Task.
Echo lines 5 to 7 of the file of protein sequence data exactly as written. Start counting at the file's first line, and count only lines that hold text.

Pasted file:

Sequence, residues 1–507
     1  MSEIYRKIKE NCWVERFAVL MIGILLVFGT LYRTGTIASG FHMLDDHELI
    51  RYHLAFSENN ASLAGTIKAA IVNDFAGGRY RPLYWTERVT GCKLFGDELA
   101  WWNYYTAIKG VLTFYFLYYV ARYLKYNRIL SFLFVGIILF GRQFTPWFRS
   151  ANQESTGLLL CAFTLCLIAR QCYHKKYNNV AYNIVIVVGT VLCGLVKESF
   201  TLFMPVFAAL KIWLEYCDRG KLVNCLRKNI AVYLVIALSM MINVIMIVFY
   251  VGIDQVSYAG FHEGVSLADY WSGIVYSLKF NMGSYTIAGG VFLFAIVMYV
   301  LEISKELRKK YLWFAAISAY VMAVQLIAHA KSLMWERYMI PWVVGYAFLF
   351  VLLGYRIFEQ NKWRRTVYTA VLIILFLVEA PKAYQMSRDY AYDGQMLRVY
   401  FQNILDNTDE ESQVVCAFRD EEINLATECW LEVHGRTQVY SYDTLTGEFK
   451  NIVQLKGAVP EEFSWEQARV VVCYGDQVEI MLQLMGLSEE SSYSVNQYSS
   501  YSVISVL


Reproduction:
   151  ANQESTGLLL CAFTLCLIAR QCYHKKYNNV AYNIVIVVGT VLCGLVKESF
   201  TLFMPVFAAL KIWLEYCDRG KLVNCLRKNI AVYLVIALSM MINVIMIVFY
   251  VGIDQVSYAG FHEGVSLADY WSGIVYSLKF NMGSYTIAGG VFLFAIVMYV